I don't think that's a fast way to sail in general, and I'm not sure that we're getting any useful power off the main at all in that circumstance...we might just be keeping it from luffing and coasting past the mark on a pinched genoa, but we're usually just doublehanding and tacking a 155 twice right at the mark (if there's even room) is definitely slow for us.

I'm also curious to hear what others have to say though.
 

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chip your description is of "pinching" and really has less to do with point. Pinching, or shooting a mark is a whole different ball game... No question over-sheeting the main, will allow you to point more (pinch), slowing you down, with a corresponding over-sheet of the genoa... What you describe really is just getting the mainsail out of the way of the flow from the genoa. We did this JUST today actually. it's slow and bad form, you are much better served to make your mark on a fast close reach. I get why you'd do it (and why we did)... the wind shifts within 100 feet of the mark were 90-100 degrees (in a shadow of a point) in our case... Knowing the shifts were there, it was actually better to PLAN to shoot to mark.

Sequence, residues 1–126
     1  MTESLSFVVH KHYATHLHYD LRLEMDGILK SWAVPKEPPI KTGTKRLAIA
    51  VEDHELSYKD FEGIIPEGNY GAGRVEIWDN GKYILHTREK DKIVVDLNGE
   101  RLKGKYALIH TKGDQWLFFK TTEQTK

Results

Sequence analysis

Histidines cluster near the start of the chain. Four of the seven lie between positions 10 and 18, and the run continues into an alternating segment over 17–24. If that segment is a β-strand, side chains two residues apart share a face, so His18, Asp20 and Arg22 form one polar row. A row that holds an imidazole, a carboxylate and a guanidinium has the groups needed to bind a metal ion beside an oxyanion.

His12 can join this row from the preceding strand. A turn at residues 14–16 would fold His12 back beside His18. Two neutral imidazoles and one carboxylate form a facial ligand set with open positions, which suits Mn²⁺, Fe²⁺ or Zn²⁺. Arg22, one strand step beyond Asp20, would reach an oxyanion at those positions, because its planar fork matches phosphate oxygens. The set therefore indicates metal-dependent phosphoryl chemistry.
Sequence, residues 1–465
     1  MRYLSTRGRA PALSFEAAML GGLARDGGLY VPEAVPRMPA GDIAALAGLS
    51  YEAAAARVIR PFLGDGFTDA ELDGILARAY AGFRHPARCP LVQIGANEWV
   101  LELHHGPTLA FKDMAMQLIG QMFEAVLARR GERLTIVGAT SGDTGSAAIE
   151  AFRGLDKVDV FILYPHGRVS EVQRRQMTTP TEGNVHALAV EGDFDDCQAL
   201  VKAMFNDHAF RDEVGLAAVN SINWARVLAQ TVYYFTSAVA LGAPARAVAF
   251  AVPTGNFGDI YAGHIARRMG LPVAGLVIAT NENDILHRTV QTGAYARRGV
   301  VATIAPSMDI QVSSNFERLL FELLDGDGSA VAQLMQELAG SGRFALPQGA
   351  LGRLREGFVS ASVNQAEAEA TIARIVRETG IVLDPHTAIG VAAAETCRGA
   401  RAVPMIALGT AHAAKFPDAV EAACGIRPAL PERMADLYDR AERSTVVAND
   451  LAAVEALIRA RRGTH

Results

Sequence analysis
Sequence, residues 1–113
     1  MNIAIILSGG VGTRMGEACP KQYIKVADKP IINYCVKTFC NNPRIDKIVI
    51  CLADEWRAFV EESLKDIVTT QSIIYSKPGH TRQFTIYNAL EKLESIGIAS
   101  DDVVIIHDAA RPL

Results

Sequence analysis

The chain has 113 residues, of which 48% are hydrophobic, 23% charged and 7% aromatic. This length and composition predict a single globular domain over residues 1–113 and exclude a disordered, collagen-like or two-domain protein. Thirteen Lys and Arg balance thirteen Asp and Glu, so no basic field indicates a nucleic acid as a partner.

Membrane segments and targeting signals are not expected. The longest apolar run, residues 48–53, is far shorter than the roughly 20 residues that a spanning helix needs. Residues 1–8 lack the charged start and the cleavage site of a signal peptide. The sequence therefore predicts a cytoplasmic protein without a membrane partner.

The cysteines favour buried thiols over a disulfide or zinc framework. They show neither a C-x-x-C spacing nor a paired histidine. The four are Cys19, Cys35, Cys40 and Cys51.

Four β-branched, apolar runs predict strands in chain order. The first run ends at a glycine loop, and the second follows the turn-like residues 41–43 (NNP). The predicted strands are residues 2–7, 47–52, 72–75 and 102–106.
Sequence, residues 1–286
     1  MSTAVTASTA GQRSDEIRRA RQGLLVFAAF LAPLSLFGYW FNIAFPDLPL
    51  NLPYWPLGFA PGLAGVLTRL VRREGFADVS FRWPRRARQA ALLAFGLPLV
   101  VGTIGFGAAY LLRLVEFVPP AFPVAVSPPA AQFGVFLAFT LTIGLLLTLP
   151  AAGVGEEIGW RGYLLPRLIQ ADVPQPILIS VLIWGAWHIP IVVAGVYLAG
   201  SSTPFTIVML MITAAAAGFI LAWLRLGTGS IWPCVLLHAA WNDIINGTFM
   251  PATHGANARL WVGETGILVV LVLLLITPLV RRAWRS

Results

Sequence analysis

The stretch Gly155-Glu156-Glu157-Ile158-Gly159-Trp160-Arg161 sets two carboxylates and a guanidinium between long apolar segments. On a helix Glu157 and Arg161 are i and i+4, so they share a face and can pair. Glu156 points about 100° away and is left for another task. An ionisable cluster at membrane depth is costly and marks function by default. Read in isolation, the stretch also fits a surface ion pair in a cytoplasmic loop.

By the way, a better way to shoot the mark, is to foot like heck, get speed, and coast up, and sheet/oversheet, when you hit top speed, JUST before the mark (also something we did today on our 2nd lap - and we were fouled twice by another sailor - another story... It totally messes with the others in the race (when you shoot the mark), especially when you correspondingly call for mark room, just don't LUFF your sails when you do it, or you blow your right to mark room, that then just makes you an A$$ (we were close today fitting that description), and you must then dipp, then double-tack.